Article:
The type of insulation you use will be determined by the nature of the spaces in the house that you plan to insulate. For example, since you cannot conveniently "pour" insulation into an overhead space, blankets, spray or board products, or reflective systems are used between the joists of an unfinished basement ceiling. The most economical way to fill closed cavities in finished walls is with blown-in insulation applied with pneumatic equipment or with foamed-in-place polyurethane foam. Table 1 provides a concise summary of the appropriate applications for the various types of thermal insulation.
It is important to know that the different forms of insulation can be used together. For example, you can add batt or roll insulation over loose-fill insulation, or vice-versa. Usually, material of higher density (weight per unit volume) should not be placed on top of lower density insulation that is easily compressed. Doing so will reduce the thickness of the material underneath and thereby lower its R-value.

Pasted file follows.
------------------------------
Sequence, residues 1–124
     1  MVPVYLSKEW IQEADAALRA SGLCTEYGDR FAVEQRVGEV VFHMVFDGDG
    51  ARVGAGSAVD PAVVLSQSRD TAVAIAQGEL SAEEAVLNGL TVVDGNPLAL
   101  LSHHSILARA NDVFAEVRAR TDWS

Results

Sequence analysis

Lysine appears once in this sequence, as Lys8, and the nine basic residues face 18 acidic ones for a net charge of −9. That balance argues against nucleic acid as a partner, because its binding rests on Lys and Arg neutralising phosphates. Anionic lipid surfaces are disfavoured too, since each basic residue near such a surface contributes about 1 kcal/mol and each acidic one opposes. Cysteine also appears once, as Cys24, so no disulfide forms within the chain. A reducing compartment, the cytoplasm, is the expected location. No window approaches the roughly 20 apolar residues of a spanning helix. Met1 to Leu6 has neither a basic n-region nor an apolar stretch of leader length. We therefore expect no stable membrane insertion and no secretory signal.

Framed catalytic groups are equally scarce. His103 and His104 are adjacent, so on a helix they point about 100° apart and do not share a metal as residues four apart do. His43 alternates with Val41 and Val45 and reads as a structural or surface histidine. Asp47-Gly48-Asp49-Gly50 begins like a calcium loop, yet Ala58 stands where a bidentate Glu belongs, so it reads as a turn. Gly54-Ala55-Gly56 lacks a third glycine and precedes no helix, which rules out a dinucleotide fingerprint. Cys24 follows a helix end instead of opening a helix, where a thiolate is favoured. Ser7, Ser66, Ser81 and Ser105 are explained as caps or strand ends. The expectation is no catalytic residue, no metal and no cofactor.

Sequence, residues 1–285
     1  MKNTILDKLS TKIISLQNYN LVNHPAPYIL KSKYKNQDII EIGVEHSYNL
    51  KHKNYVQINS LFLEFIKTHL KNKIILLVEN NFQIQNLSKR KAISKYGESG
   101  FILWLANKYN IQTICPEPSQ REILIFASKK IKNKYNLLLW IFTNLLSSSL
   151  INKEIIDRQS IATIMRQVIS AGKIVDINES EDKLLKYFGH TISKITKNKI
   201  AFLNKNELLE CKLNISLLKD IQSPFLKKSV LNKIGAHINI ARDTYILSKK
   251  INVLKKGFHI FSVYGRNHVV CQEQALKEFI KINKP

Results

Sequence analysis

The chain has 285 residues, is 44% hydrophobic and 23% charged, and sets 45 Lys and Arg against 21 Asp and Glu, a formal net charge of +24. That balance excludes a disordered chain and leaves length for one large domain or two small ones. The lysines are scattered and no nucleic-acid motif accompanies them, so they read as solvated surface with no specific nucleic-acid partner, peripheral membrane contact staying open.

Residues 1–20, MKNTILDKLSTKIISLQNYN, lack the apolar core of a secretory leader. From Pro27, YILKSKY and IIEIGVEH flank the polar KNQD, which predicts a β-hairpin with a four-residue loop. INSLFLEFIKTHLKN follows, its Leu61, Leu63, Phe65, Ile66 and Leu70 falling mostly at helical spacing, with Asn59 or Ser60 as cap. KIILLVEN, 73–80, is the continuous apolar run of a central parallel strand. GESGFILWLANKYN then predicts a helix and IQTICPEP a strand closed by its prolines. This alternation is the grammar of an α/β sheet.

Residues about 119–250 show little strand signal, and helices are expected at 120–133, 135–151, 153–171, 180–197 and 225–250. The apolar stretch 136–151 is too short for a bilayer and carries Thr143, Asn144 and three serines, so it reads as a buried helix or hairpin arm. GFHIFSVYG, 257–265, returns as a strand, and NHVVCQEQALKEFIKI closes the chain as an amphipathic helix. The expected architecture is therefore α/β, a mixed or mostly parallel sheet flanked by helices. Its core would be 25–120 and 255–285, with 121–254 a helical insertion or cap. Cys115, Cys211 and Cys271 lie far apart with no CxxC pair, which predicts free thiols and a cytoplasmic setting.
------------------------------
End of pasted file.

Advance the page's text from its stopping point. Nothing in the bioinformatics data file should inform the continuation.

In cold climates, some low-density loose-fill insulation allows air to circulate between the top of your ceiling and the attic. This air circulation can decrease the effective thermal resistance of the insulation and may be significant for regions with more than 5000 heating degree days, or north of a line running from New York to Pittsburgh to St. Louis to Topeka to Santa Fe to Reno and up to Portland, Oregon. You can eliminate this air circulation by covering the loose-fill insulation with a blanket insulation product or with a higher density loose-fill insulation.
Courtesy of the DOE